Updated: Feb 24, 2021
Inclusion is the goal, but BC schools aren't there yet
By Spencer van Vloten
Formed to promote the inclusion of students with disabilities in BC's education system, BCEdAccess provides support to thousands of families and students throughout the province.
Spencer van Vloten talked with BCEdAccess's Nicole Kaler about ongoing exclusion in BC schools, what inclusion really means, and what parents can do to set their children up for success.
Spencer: What does BCEdAccess do?
Nicole: We’re a grassroots group of parents, guardians, and family members of children with disabilities and complex learning needs. We support each other to make sure these kids have what they need in the education system.
One aspect is person-to-person support, walking each other through different issues like how to deal with teachers and principals, and from this we see that families across the province are facing similar issues and can be a great help to one another.
As a group, we lobby the provincial government for policy reform, and partner with other disability groups who are doing similar work.
We work at all ends, doing what needs to be done to get children what they want, need, and deserve.
Spencer: We often hear the word ‘inclusion’, but it means different things in different contexts. What does inclusion mean when it comes to education?
Nicole: Inclusion varies by family, but at the heart of it is that it’s what the child and family wants and needs.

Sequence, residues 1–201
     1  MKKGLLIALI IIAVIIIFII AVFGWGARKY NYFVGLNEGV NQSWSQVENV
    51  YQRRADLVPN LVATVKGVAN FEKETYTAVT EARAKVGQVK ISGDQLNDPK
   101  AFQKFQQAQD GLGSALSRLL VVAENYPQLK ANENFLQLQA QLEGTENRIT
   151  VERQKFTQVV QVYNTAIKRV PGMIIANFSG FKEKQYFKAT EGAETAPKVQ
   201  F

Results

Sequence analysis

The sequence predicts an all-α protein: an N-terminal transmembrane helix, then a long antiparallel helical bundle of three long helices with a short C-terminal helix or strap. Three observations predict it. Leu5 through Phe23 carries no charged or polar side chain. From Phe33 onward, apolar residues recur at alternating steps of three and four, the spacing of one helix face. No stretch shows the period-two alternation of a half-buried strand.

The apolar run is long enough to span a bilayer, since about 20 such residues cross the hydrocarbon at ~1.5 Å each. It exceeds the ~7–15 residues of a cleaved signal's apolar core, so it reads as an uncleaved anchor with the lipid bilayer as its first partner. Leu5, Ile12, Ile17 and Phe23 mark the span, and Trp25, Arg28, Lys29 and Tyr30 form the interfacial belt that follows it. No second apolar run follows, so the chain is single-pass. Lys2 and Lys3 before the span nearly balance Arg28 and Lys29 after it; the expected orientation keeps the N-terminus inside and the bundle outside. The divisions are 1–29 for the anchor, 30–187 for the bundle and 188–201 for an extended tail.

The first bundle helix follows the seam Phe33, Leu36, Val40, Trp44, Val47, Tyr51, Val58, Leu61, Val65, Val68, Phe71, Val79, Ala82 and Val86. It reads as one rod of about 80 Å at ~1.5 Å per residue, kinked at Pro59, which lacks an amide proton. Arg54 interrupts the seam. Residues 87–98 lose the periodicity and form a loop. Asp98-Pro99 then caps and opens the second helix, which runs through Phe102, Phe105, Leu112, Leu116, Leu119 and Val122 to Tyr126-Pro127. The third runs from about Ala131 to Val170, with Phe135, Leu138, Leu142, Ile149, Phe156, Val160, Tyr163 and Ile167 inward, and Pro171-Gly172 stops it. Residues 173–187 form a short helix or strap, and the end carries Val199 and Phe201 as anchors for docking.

Contrary to what’s often suggested, it’s not necessarily having a disabled student in a class with non-disabled peers. My daughter would not be in an instructively inclusive environment were she in a mainstream class, but for some kids they can be in that type of class with the right supports.
There's no one-size-fits-all inclusion, and sometimes being with one’s disabled peers doesn’t mean it’s non-inclusive; it’s about choice and meeting each student's needs.
"There's no one-size-fits-all inclusion"
Spencer: What has the state of inclusion been in BC schools before and during the pandemic?
Nicole: There was a trend of kids being forced out of school system.
School districts have been normalizing the idea that if you have some sort of diagnosis, physical or mental, you don’t get an education like everyone else. There was little to no support for accommodations, things like half days or non-school days.